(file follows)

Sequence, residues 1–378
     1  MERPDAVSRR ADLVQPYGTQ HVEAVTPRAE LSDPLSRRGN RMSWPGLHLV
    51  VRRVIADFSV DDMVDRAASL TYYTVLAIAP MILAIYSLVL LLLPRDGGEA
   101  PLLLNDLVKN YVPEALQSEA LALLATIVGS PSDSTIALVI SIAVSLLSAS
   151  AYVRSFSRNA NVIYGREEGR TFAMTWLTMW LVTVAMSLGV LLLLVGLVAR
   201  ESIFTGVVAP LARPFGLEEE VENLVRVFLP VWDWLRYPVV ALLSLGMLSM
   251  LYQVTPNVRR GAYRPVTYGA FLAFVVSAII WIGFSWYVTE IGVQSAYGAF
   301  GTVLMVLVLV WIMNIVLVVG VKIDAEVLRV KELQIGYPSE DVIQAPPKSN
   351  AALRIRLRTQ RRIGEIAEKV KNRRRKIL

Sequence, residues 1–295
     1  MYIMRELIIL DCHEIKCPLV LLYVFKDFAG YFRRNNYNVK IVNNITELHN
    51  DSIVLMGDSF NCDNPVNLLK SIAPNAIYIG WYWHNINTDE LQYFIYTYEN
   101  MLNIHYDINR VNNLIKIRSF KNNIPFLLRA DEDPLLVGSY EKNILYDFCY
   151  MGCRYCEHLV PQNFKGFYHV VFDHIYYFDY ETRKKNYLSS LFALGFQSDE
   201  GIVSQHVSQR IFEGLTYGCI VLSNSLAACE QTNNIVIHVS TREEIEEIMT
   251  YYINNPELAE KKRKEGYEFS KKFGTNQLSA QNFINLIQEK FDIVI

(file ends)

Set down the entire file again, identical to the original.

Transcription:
Sequence, residues 1–378
     1  MERPDAVSRR ADLVQPYGTQ HVEAVTPRAE LSDPLSRRGN RMSWPGLHLV
    51  VRRVIADFSV DDMVDRAASL TYYTVLAIAP MILAIYSLVL LLLPRDGGEA
   101  PLLLNDLVKN YVPEALQSEA LALLATIVGS PSDSTIALVI SIAVSLLSAS
   151  AYVRSFSRNA NVIYGREEGR TFAMTWLTMW LVTVAMSLGV LLLLVGLVAR
   201  ESIFTGVVAP LARPFGLEEE VENLVRVFLP VWDWLRYPVV ALLSLGMLSM
   251  LYQVTPNVRR GAYRPVTYGA FLAFVVSAII WIGFSWYVTE IGVQSAYGAF
   301  GTVLMVLVLV WIMNIVLVVG VKIDAEVLRV KELQIGYPSE DVIQAPPKSN
   351  AALRIRLRTQ RRIGEIAEKV KNRRRKIL

Sequence, residues 1–295
     1  MYIMRELIIL DCHEIKCPLV LLYVFKDFAG YFRRNNYNVK IVNNITELHN
    51  DSIVLMGDSF NCDNPVNLLK SIAPNAIYIG WYWHNINTDE LQYFIYTYEN
   101  MLNIHYDINR VNNLIKIRSF KNNIPFLLRA DEDPLLVGSY EKNILYDFCY
   151  MGCRYCEHLV PQNFKGFYHV VFDHIYYFDY ETRKKNYLSS LFALGFQSDE
   201  GIVSQHVSQR IFEGLTYGCI VLSNSLAACE QTNNIVIHVS TREEIEEIMT
   251  YYINNPELAE KKRKEGYEFS KKFGTNQLSA QNFINLIQEK FDIVI